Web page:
Margaret Jellett

To her pupils, Margaret Jellett is a devoted art and design teacher whose dedication and enthusiasm is an inspiration.

 

But Margaret's achievements extend far beyond the classroom. Her pioneering work with the integrated schools movement in Northern Ireland has helped bring down barriers and challenge long-held prejudices in the province.

Margaret, 54, was one of the founding teachers of Lagan College which was set up in the belief that Protestants and Catholics belong to the same Christian family. Uniquely, it held that it was better for them to be educated together rather than apart.

It opened in a Belfast Scout hut in 1981 with just 28 pupils, a principal and one full-time and five part-time teachers. It now has more than 1,000 pupils and more than 70 teachers.

The integrated schools movement as a whole now teaches 15,000 pupils a year at 46 schools.

Margaret, who at first had to teach in a garage near the hut, says: "At the end of the 70s it became apparent that decent, law-abiding citizens didn't have a voice because the people of violence had taken over.

"When this college was established it sent out the message that people in the north of Ireland could live and work together, that not everyone wanted all the killing.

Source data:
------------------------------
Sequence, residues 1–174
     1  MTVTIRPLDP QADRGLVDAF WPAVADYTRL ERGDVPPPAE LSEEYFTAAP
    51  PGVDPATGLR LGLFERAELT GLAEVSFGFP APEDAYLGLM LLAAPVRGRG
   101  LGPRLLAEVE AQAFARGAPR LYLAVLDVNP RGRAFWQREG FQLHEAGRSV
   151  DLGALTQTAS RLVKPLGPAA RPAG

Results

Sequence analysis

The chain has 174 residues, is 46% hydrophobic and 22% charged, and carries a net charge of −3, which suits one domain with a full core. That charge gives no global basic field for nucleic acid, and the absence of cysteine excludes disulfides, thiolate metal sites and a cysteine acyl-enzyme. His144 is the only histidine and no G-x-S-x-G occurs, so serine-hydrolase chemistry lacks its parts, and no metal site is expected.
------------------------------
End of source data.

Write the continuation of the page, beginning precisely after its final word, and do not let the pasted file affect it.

"The way to do that was to bring the children together. People look to the young not to make the mistakes their parents made. But if they don't experience something different, how can they make things better?

"I pay tribute to the parents of those first 28 pupils because they didn't know whether the college would still be open in six months, or if there would be enough money to pay running costs or teachers" salaries.

"Those parents trusted us with the most precious thing in the world, their children's education."

But change often attracts hostility and the school's opening was met with street protests organised by residents and councillors.

It is a tribute to Margaret that while the protesters have now left, the movement has grown, planting seeds that may one day help overcome the fractures in Northern Ireland's deeply divided society.

Many of the schools, which now receive government funding, have become so popular that pupils have to be turned away.

Cliodhna Scott-Wills, of the Northern Ireland Council for Integrated Education, says: "It is impossible to think of Lagan College without thinking of Margaret Jellett. She is totally unassuming about herself and her work but she has been a major part of the success of the college."

 

 

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